Regardless of the arbitrary grade we are given, or even if we rank No. 1 in a particular category—as we do in the percentage of the graduating class of 2012 that meets all four ACT benchmarks for college readiness—we know we have more to do. As the names at the bottom of this letter attest, administrators, principals, teachers and school board members jointly remain committed to improving the quality of education for the children of our state.
Dr. Brent Clark
Illinois Association of School Administrators
Dr. Michael A. Jacoby
Illinois Association of
School Business Officials
Illinois Principals Association
Roger L. Eddy
Illinois Association of School Boards
Illinois Education Association
Daniel J. Montgomery
Illinois Federation of Teachers
We would like to thank the greatest family, neighbors, friends and strangers for their thoughts and prayers through this most difficult time these past weeks. It means so much to us.
As far as our daughter Erin, we are thankful she is here with us today. We know that faith, hope, love, time and, of course, the continued prayers and support we have received, will be the only thing to get her through this.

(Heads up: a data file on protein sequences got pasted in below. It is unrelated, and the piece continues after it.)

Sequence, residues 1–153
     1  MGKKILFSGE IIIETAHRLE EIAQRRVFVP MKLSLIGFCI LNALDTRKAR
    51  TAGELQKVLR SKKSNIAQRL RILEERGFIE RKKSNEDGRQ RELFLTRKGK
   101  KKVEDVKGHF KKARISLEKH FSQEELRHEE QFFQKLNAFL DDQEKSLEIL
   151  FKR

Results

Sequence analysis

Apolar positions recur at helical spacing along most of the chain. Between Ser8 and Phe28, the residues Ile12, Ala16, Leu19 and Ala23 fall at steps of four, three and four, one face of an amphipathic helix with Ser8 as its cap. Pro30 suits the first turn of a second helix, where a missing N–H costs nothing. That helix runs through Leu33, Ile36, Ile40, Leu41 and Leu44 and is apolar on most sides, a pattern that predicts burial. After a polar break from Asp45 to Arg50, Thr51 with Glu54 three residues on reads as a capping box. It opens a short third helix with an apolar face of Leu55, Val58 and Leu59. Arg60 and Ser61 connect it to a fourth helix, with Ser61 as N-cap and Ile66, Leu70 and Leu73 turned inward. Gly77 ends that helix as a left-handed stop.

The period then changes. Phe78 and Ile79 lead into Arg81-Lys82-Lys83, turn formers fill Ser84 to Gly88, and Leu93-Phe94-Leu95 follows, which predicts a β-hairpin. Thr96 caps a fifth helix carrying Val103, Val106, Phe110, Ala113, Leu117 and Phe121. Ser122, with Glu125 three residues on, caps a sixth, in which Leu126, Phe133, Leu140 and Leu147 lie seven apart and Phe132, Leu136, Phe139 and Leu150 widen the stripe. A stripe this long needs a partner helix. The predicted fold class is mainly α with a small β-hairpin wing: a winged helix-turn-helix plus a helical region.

And most of all, please continue to keep Zach’s father and mother, Mike and Dee Dee Bingham, in your prayers.
May God bless Zach. We love you and we will miss you.
Barry, Patty, Julia, Shannon and,
most of all, Erin Pazin
The Elburn Herald would like to say thank you to everyone who participated in the Kandyland event during the Elburn Christmas Stroll on Friday evening. This was our first Kandyland at our new location in the Elburn and Countryside Community Center, and we were unsure of how local residents would respond to a world of life-sized candy and wonder in the Community Center’s dance studio.
That sense of uncertainty proved unnecessary, as public turnout for the event was phenomenal, making it one of the most successful Kandylands in recent memory.